Russian airline Volga-Dniepr announced Wednesday it will stop providing cargo planes to NATO at the end of the year, dealing a blow to the transatlantic alliance and France in particular which rely heavily on its aircraft.
“We have been gradually withdrawing from the military logistics transportation market, in due compliance with our previous commitments. The Group will not participate in the tender process initiated by NATO in its existing configuration,” Volga-Dniepr said in a statement.
Relations between Moscow and NATO have become increasingly strained.
Volga-Dniepr, a world leader in the movement of oversize and heavy air cargo, said the reason for the break with NATO was that the group “is focused on the growth of its business in the civil commercial sector and continuing to extend the scope of its niche products.”
The decision means the Russian carrier will not attempt to extend its contract for the provision of its Antonov An-124s to ten NATO armies, a project called the Strategic Airlift Interim Solution (SALIS) that also supports European Union operations.
Under the deal, Volga-Dniepr provided two Antonov An-124-100 aircraft on charter, two more on six days’ notice and another two on nine days’ notice.
That contract, which had been renewed each year since 2006, will now lapse at the end of 2018.
NATO responded with its own statement, saying it had been informed of the decision by Volga-Dniepr and that it is working with the nations affected “to explore options to meet their future airlift requirement from January 2019 onward.”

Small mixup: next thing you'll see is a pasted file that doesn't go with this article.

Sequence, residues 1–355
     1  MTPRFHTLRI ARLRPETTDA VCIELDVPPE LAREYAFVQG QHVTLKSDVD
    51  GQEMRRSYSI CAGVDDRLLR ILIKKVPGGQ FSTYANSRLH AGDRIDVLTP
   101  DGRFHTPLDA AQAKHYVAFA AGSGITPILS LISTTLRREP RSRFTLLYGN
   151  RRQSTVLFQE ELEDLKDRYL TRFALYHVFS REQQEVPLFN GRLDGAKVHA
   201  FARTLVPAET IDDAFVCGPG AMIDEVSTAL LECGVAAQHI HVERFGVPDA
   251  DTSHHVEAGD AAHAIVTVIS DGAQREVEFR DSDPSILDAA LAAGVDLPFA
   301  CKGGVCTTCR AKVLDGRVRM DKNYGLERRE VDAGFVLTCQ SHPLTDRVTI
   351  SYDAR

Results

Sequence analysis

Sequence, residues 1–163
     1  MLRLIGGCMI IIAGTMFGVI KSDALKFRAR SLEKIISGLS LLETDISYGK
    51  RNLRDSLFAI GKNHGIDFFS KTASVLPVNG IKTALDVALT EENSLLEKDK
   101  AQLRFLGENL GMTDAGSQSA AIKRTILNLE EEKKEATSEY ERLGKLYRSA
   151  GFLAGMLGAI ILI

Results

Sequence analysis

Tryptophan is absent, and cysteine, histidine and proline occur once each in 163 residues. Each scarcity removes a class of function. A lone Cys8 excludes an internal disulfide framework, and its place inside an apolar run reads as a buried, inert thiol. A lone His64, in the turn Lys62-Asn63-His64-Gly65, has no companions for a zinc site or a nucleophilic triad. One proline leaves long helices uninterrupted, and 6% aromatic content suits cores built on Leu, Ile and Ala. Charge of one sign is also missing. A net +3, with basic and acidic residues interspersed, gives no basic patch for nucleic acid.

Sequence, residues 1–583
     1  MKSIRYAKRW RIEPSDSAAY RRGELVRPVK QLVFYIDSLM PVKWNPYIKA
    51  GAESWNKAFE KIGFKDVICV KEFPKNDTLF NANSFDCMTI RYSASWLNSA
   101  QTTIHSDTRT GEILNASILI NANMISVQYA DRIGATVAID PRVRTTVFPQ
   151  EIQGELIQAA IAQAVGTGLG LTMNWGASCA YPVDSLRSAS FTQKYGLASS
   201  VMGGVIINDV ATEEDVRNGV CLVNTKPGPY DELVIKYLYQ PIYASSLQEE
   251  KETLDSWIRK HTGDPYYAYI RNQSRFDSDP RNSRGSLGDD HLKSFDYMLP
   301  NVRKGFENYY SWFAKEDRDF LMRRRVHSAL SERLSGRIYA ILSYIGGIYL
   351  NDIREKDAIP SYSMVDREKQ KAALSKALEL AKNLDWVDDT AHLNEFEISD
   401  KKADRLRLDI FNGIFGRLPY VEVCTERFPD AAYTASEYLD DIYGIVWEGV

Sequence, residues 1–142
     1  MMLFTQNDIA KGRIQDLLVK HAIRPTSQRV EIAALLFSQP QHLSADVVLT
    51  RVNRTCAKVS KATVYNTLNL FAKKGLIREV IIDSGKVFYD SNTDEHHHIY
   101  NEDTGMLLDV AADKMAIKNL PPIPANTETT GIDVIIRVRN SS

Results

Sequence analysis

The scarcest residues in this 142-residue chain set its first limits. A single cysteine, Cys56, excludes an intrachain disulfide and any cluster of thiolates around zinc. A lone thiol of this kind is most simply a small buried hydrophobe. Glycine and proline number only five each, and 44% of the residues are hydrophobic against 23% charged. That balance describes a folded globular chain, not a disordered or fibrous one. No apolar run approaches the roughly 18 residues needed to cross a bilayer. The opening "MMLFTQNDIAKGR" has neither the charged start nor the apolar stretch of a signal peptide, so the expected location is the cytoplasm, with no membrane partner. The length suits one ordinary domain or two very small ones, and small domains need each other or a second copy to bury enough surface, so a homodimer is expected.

The ten NATO nations involved in the SALIS deal are Germany, France, Belgium, the Czech Republic, Hungary, Luxembourg, Norway, Poland, Slovakia and Slovenia.
The withdrawal of Volga-Dniepr will be a particular problem for France due to delays in the delivery of, and technical and budget problems with, European aviation giant Airbus’ new A400M military transporter which has left it very dependent on the An-124s for overseas missions, notably in Africa’s Sahel region.
A March 2017 French parliamentary report highlighted this “very heavy dependence” on Russian and Ukrainian military transport planes.
NATO says An-124s have also been used by members to transport equipment to and from Afghanistan, deliver aid to the victims of the October 2005 earthquake in Pakistan, and airlift African Union peacekeepers in and out of Darfur.
The An-124, developed in Ukraine in the Soviet era, can carry up to 120,000 kg (264,500 lb), a significantly larger capacity than the A400M’s 37,000 kg (81,600 lb).
With reporting from AFP